So how do air conditioners work?
Air conditioners look and operate very much
like heat pumps with the notable exception that they provide
cooling only. While air conditioners and heat pumps do require
the use of some different components, they both operate on
the same basic principles. This section will explore five
topics to consider when you are looking at air conditioners.
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How They Work
Heat pumps and central air conditioners are "split systems,"
which means that there is an outdoor unit and an indoor unit.
The job of the heat pump or air conditioner is to transport
heat either into or out of your home. The "vehicle"
your system uses to carry the heat is called refrigerant.
For cooling operation, air from your home passes
through the indoor coil. Heat is absorbed from the indoor
air and the resulting cooler air is ciruclated back into your
home through your duct system. Heat from your home exits through
the outdoor coil.
While it’s keeping you cool, your air
conditioner or heat pump also works as an effective dehumidifier.
The process is similar to what happens when moisture condenses
on the outside of a glass of ice water on a hot, humid day.
For heating, a heat pump basically reverses
the cooling process to warm your home during cold weather.
Where does a heat pump get the heat to warm
your home when it’s cold outside? Even though 35 F air
may feel cold to humans, it actually contains a great deal
of heat. A heat pump’s heat exchanger can squeeze heat
out of cold air, then transfer that heat into your home with
the help of a fan coil or a furnace, which circulates the
warm air through your ducts.
Heat pumps are often installed with back-up
electric resistance heat or a furnace to handle heating requirements
when more heat is needed than the heat pump can efficiently
extract from the air. This option allows homeowners to enjoy
the energy-saving benefits of a heat pump and still maintain
comfortable indoor temperatures as outdoor temperatures gradually
Purchasing a brand name that has a reputation for quality
and reliability can save you headaches and extra expense down
Ask us about limited and extended warranties.
Some air conditioners and heat pumps offer additional features
that provide greater comfort (as well as additional energy
Two-speed units can run on low speed (using 50% of the energy)
up to 80% of the time, so they operate more quietly and run
for longer periods of time than single-speed models. Longer
operating periods translate into fewer on/off cycles, fewer
drafts and much smaller temperature swings -- only two or
three degrees instead of the four-degree swings common with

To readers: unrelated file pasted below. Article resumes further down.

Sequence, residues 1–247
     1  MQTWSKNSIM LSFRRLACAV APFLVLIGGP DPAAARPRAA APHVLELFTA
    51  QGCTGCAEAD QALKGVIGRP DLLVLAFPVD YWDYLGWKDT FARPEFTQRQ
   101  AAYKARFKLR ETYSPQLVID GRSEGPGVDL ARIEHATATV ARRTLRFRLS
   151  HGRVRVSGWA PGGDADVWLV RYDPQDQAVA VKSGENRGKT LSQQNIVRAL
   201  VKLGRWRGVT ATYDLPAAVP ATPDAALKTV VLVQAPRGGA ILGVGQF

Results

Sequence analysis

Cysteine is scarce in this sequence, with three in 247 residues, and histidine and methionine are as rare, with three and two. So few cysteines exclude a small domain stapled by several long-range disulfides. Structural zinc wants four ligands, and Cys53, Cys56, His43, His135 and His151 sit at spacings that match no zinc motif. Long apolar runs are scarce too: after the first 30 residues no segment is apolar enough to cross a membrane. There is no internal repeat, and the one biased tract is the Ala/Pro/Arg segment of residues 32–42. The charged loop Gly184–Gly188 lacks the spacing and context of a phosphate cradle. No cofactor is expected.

single-speed units. Plus, better air circulation helps prevent
air "stratification" warm air rising to the ceiling
and cold air settling on the floor. In short, you get consistent,
even cooling throughout your home.
Multi-Speed Indoor Unit
If you purchase a multi-speed or variable-capacity furnace
or fan coil with your unit, you will enhance both the comfort
and the efficiency of your air conditioning or heat pump system
Cooling efficiency for air conditioners and heat pumps is
indicated by a SEER (Seasonal Energy Efficiency Ratio) rating,
which tells you how efficiently the unit uses electricity.
Heat pumps also have heating efficiency ratings, indicated
as an HSPF (Heating Seasonal Performance Factor).
In general, the higher the SEER or HSPF rating, the less electricity
the unit will use to cool (or heat) your home. The government-mandated
minimum efficiency standards for units installed in new homes
at 10.0 SEER and 6.8 HSPF. Most air conditioners and heat
pumps manufactured before 1992 had SEER ratings below 7.0
and HSPF ratings below 5.0.
Air conditioners and heat pumps manufactured
today have SEER ratings that range from 10.0 to about 17.
Heat pumps are available with HSPF ratings from about 6.8
Usually, the higher the efficiency, the more expensive the
unit. But you will probably see the higher cost of a high-efficiency
air conditioner paid back (through lower utility bills) in
a few short years. Pro-Air can use cooling data from your
area to help you determine about how long it would take you
to recover the additional cost in energy savings. Of course,
after the payback, you continue to save on your energy bills
for the life of the system.
Tips On Matching Indoor & Outdoor Coils
Your central air conditioning or heat pump system is a split
system. That means it consists of two parts: an indoor unit
(coil) and outdoor (condensing) unit. Both components are
necessary for a working system. So if you install a new outdoor
unit, be sure to include a new, equally efficient "matched"
If you don’t replace both your indoor
and outdoor units, you won’t be getting what you paid
for. In fact, your system could be up to 15% less efficient
than stated — and you’ll be less comfortable,
too. That's why simply replacing just the outdoor unit isn't
a bargain in the long run.
Replacing the outdoor unit but leaving the
old indoor unit may offer you the lowest price, but it won’t
give you the best value. When your air conditioning or heat
pump components don’t match, you’ll be sacrificing
comfort. The system may still "work," but it won’t
perform up to the promised energy efficiency. Over time, this
will cost you more money. When the components aren’t
matched, it could create undue stress on your cooling system,
resulting in unnecessary, premature failure.